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State v. Major

Court of Appeals of Louisiana, First Circuit

November 15, 2019

STATE OF LOUISIANA
v.
PORTER MAJOR, JR.

          On Appeal from the Nineteenth Judicial District Court In and for the Parish of East Baton Rouge State of Louisiana Docket No. 03-17-0923 Honorable Trudy M. White, Judge Presiding

          Hillar C. Moore, III District Attorney Dylan C. Alge Assistant District Attorney Baton Rouge, Louisiana

          Gail Horne Ray Baton Rouge, Louisiana Attorneys for Appellee, State of Louisiana Attorney for Defendant/Appellant, Porter Major, Jr.

          BEFORE: HIGGINBOTHAM, PENZATO, AND LANIER, JJ.

          PENZATO, J.

         The defendant, Porter Major, Jr., was charged by bill of information with possession of a firearm or carrying a concealed weapon by a person convicted of certain felonies[1] (count one), a violation of La. R.S. 14:95.1, and aggravated assault with a firearm (count two), a violation of La. R.S. 14:37.4. He pled not guilty. The defendant waived a trial by jury and was found guilty as charged on both counts after a bench trial. The trial court denied a motion for new trial filed by the defendant. On both counts, the trial court imposed five years imprisonment at hard labor, to be served concurrently. The defendant now appeals, arguing in two assignments of error that his constitutional right of confrontation was violated and that the evidence to support the convictions is insufficient. For the following reasons, we affirm the convictions and sentences.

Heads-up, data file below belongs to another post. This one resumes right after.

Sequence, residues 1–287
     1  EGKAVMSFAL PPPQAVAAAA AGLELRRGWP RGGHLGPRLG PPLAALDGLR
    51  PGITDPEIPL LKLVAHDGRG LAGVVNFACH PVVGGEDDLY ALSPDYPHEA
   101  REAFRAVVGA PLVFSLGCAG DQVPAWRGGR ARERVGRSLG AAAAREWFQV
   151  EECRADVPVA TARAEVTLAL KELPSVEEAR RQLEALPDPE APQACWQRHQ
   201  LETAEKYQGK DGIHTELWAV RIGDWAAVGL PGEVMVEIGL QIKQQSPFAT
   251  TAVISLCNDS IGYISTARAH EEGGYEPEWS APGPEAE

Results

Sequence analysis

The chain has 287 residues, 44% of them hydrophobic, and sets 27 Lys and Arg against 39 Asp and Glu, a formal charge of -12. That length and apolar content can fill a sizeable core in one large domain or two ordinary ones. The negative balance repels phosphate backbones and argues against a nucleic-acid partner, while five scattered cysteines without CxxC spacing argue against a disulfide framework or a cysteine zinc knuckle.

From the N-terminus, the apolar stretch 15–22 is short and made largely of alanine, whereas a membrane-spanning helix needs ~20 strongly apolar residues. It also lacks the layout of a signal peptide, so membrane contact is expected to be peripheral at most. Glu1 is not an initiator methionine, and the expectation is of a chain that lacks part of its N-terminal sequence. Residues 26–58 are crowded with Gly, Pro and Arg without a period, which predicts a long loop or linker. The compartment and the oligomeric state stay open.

STATEMENT OF FACTS

         On February 7, 2017, Lamonica Booker and her thirteen-year-old son, D.T.[2], encountered the defendant and Edward Rogers after entering Vince's Liquor Store in Baton Rouge. According to Booker's trial testimony, the defendant made offensive comments directed towards her as she was paying for her items.[3] Booker further testified that D.T. asked the defendant to please stop disrespecting his mother. After they exited the store, the defendant pulled a gun out of his right pocket. The defendant pointed the gun at Booker and D.T. as they were getting into Booker's vehicle. Concerned for the safety of D.T. and the other children who were in her car at the time, Booker drove around the block and circled back to photograph the license plate of the vehicle occupied by the defendant. Booker then drove to the Baton Rouge Police Department and reported the incident.

         SUFFICIENCY OF THE EVIDENCE

         In assignment of error number two, the defendant argues that the State failed to meet its burden of proof beyond a reasonable doubt that the defendant possessed a firearm as required for a conviction on both counts. The defendant argues that there was no evidence or testimony presented at trial that the instrument entered into evidence was in fact a firearm as defined by statute. The defendant notes that the two officers who testified at trial admitted that they did not examine the instrument. Thus, the defendant argues that the State did not prove that a firearm was involved in this case.